FROGS AND TOADS FAQS
Frogs have graceful long legs and leap when they move.
Tree frogs and chorus frogs have sticky pads at the
end of their toes.
Toads are squatty and walk more than leap.
Frogs' eggs in the pond are laid in masses.
Toads' eggs in the pond are laid in strings.
ARE FROGS' AND TOADS' EGGS OKAY IN MY POND?
For the most part they are.
Fish will eat many of the frogs' eggs and their tadpoles.
Fish will spit out toad eggs and toad tadpoles as they taste
If your pond is small and you have found a bazillion eggs
and tadpoles in there you have to beware of ammonia spikes.
So many new life forms may contribute to an ammonia spike
and overwhelm your filter.
BULLFROGS AND GREEN FROGS
The only frog who is a real danger to a pond is
the bullfrog. Bullfrogs will eat fish, and other frogs,
snakes, mice, birds, etc.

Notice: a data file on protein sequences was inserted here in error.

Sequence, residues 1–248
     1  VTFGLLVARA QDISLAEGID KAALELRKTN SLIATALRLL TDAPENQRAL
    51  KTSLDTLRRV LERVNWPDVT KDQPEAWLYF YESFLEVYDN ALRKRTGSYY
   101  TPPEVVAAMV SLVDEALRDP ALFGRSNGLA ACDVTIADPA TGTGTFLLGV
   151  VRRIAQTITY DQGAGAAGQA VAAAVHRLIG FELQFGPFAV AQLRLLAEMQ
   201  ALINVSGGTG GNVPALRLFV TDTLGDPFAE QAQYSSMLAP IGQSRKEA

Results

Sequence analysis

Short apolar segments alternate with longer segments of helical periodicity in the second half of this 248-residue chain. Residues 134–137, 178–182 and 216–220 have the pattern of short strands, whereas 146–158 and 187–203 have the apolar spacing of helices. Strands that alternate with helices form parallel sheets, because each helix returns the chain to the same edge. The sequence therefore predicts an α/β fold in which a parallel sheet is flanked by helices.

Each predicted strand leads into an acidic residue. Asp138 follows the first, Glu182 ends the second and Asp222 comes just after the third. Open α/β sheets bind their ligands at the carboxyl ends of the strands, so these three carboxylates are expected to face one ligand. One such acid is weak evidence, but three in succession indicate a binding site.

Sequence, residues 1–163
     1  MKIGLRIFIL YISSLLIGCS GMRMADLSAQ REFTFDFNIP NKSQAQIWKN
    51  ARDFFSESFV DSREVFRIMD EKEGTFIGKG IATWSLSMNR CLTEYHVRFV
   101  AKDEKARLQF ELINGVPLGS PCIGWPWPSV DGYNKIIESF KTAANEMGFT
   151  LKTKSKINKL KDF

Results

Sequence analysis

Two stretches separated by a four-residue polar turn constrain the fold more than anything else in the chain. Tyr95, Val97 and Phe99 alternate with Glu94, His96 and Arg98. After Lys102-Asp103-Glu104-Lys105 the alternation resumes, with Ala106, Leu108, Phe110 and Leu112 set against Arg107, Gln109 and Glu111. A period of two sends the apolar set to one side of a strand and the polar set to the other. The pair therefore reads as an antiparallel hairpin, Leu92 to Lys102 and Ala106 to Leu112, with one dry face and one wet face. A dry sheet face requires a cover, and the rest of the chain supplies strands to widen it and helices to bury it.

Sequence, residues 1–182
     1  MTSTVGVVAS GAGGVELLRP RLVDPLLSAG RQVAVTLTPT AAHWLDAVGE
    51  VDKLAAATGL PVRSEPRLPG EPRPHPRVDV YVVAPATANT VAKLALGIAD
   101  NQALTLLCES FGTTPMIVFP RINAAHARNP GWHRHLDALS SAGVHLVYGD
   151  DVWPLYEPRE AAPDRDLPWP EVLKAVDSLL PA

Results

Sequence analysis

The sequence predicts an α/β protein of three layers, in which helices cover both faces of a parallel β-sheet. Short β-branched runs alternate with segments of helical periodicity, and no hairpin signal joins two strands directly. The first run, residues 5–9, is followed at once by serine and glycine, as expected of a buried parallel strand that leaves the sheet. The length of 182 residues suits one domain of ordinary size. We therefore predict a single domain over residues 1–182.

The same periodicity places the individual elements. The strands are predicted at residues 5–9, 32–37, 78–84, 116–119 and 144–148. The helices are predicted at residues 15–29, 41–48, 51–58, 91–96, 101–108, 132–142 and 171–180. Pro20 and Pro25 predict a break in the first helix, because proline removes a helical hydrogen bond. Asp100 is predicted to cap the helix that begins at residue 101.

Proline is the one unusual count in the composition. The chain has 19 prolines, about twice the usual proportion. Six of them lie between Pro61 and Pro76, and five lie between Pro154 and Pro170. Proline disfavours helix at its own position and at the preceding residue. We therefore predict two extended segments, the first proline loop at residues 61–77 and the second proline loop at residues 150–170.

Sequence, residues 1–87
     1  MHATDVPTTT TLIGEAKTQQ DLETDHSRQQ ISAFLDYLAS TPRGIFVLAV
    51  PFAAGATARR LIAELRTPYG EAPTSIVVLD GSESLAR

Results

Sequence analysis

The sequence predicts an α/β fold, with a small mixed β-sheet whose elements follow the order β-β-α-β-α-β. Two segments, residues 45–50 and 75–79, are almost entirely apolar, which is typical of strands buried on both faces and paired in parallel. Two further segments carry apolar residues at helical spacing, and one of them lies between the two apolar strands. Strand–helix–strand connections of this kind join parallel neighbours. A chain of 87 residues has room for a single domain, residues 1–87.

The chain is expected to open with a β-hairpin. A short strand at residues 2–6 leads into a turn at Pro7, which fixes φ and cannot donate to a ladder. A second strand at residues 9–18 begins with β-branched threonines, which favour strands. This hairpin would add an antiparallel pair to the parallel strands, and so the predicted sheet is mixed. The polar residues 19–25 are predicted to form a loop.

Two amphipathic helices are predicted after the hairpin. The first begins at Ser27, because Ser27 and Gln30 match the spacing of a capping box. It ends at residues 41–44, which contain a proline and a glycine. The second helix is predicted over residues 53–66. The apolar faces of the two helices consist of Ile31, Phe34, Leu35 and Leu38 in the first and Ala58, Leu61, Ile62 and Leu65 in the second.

Bullfrogs are native east of the Rockies but we
have them out west also. Originally brought into
the west as a food item, bullfrogs were raised
in farm ponds from which they quickly escaped.
Bullfrogs are not welcome out west as it is feared
they are eating up native species and native tadpoles.
Bullfrogs are large frogs. Green frogs are also large.
Green frogs do not eat fish and should be allowed
to stay in the pond.
The easiest way to tell bullfrogs from green frogs
is that bullfrogs have a fold of skin that goes over
their eardrum. Green frog's fold of skin goes right
down both sides of its back.
Bullfrogs can be spotlighted at night (they are most active
at night) with a flash light and scooped up with sport fish
nets. Turn him over on his back, he will become quiet and
you can remove him from the net without injuring him.
Move him to another pond.
Go here to ID your frog: